A. It is undeniable that there is an extensive group of data concerning radiation which show that light has certain fundamental properties that can be understood much more readily from the standpoint of the Newtonian emission theory than from the standpoint of the wave theory. It is my opinion, therefore, that the next phase of the development of theoretical physics will bring us a theory of light that can be interpreted as a kind of fusion of the wave and emission theories. The purpose of the following arguments is to give a foundation for this opinion, and to show that a profound change in our views of the nature and constitution of light is indispensable.
These are the words that Einstein addressed to the scientists assembled in Salzburg in September 1909 to announce his view of the direction in which physics would inevitably be forced to move.3 Einstein had no doubt that the granular, quantum structure of radiation, first pointed out by him four years earlier, was real and would have to be reckoned with seriously in any future theory. This view was unique to Einstein; just how unique it was can be gauged from the fact that Max Planck, the one physicist besides himself whose work was used in Einsteins arguments, was the first to rise in the discussion period and to remark, apropos of Einsteins idea of free quanta, That seems to me to be a step that, in my opinion, is not yet called for.4 Einstein, however, had a structure of arguments to support his view, a strong and beautiful structure that demonstrates the unity as well as the profundity of his thought. The structure was built on the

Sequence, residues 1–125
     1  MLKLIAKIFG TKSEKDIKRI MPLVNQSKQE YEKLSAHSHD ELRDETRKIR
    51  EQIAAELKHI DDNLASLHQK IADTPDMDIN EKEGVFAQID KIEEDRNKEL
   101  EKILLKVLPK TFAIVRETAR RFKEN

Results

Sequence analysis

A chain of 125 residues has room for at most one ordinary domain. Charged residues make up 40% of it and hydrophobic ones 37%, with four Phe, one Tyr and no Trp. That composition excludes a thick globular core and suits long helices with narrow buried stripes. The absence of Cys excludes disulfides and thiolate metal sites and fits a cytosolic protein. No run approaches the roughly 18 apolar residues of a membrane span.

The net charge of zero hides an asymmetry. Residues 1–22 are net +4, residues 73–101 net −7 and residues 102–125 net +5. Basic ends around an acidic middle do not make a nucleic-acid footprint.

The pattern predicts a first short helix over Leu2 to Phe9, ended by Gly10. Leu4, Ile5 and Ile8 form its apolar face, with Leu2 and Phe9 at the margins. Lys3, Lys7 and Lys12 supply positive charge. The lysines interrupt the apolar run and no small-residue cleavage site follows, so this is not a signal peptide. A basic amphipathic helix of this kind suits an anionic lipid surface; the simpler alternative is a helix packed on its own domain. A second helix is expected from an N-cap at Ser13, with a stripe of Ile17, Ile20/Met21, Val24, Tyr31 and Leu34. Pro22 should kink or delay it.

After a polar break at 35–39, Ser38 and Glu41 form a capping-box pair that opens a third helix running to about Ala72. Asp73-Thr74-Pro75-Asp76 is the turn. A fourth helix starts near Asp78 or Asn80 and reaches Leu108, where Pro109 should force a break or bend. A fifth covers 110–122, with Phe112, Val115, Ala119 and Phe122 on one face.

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ideas and methods of his three masterworks of 1905 and brought out the interconnections and common concerns behind these apparently very diverse papers.5
Einstein was arguing the need for a profound change in the theory of radiation, and he began his arguments with a review of the successes and the difficulties of the electromagnetic theory of light. He stressed the importance of the work that H. A. Lorentz had done in making a clear separation between aether and matter, so that the electromagnetic field was connected with ponderable matter only insofar as the charges and currents that serve as field sources are always found tied to matter. Lorentz's theory, with its assumption of an absolutely stationary aether, had been able to account for all of the previously paradoxical experimental results with one exceptionthe null result of the Michelson-Morley experiment. Einstein described his own so-called relativity theory" as the outcome of insisting on two requirements: the principle of relativity (asserting the equivalence of reference systems in uniform relative motion and, by implication, the nonexistence of the aether as an absolute frame of reference), and the constancy of the velocity of light. It is especially interesting to notice that he considered the latter postulate as preserving the essential feature of Lorentzs aether theory, in which the velocity of light was, of course, independent of the velocity of its source.